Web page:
SAN JOSE (CBS SF) — East San Jose parents and community leaders gathered Monday night to call for the creation of more and better middle schools in the Alum Rock School District.
The meeting was organized by People Acting in Community Together, a community action organization, and was held at the Mayfair Community Center.
“I’m tired of hearing that our Latino children will not be successful in college, that they will only be ‘laborers,’” said Maria Teresa Barcenas before the meeting. Barcenas is a school district parent and member of PACT. Like Barcenas’s children, the majority of students in the district are Hispanic.
Like other PACT members, Barcenas said she would like to see adequate funding, more small schools, charter schools, and a longer school day.
In a statement Monday, PACT asserted that only about 50 percent of students who graduate from the district’s elementary schools are prepared to succeed in high school—proven in part by the district’s wanting scores on the Academic Performance Index, a statewide test.
According to the school district, of its seven middle schools, only two made it above the API passing score of 800 — Renaissance Academy and KIPP Heartwood Academy.
“Do we have challenges ahead of us? Yes. Are our schools improving? Yes,” said Alum Rock Union School District Board Member and President Esau Herrera, himself a graduate of Alum Rock schools.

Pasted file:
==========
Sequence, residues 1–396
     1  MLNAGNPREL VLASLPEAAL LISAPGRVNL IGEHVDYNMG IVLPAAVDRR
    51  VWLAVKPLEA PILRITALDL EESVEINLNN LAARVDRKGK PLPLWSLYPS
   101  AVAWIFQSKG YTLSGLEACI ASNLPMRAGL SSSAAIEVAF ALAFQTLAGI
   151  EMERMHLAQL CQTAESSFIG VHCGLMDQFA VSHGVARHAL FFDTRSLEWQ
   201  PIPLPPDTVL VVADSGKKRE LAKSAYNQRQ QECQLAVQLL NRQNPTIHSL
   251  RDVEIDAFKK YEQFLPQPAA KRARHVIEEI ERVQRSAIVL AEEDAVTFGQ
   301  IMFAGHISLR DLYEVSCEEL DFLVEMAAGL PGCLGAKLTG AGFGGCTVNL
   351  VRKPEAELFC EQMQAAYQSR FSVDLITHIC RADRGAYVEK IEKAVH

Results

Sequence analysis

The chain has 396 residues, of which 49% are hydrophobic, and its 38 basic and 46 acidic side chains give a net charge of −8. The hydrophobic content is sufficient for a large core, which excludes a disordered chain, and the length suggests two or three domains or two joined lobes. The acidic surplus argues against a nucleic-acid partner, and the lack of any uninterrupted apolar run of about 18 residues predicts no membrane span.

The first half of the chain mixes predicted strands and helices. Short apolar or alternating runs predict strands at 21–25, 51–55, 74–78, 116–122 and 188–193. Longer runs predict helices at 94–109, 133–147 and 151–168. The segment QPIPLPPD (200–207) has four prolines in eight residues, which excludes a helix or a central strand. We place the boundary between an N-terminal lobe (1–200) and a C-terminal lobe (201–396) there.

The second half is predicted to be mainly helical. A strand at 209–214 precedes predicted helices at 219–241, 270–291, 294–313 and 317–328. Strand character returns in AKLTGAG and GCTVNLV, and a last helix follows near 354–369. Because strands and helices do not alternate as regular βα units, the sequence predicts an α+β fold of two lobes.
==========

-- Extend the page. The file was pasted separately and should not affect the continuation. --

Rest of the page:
Herrera and board member Dolores Marquez attended Monday night’s meeting.
According to Herrera, the school district faces a number of unique challenges. Many students come from low-income homes where English is not the primary language.
Additionally, Herrera said, state funding continues to be cut. However, the district still plans to open another charter school similar to Renaissance Academy for the coming school year.
“I wish we had the facilities and the resources to create 20 Renaissances… but at some point we’re going to have to make some hard choices,” Herrera said, adding that unlike many school districts, Alum Rock has protected its music and performing art programs.
According to Herrera, those programs create significant education benefits that are seen by teachers, but rarely quantified by test scores like the Academic Performance Index.
“I reject the notion that the measure of our kids can be determined by the one fill-in-the-bubble test that’s taken once a year,” Herrera said.
Speaking again about the challenges that the evening’s meeting plans to address, Herrera said, “Are we taking them on? Yes we are.”
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